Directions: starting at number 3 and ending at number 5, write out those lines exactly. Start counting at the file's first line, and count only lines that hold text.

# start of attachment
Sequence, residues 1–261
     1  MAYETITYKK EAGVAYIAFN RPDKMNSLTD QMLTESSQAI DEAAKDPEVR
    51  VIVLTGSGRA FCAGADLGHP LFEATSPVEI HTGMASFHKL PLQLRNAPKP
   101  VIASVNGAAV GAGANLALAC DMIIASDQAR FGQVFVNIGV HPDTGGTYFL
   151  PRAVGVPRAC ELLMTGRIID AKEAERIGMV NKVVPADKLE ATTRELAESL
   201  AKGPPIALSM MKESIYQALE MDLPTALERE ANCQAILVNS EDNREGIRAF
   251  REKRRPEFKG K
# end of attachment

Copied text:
    51  VIVLTGSGRA FCAGADLGHP LFEATSPVEI HTGMASFHKL PLQLRNAPKP
   101  VIASVNGAAV GAGANLALAC DMIIASDQAR FGQVFVNIGV HPDTGGTYFL
   151  PRAVGVPRAC ELLMTGRIID AKEAERIGMV NKVVPADKLE ATTRELAESL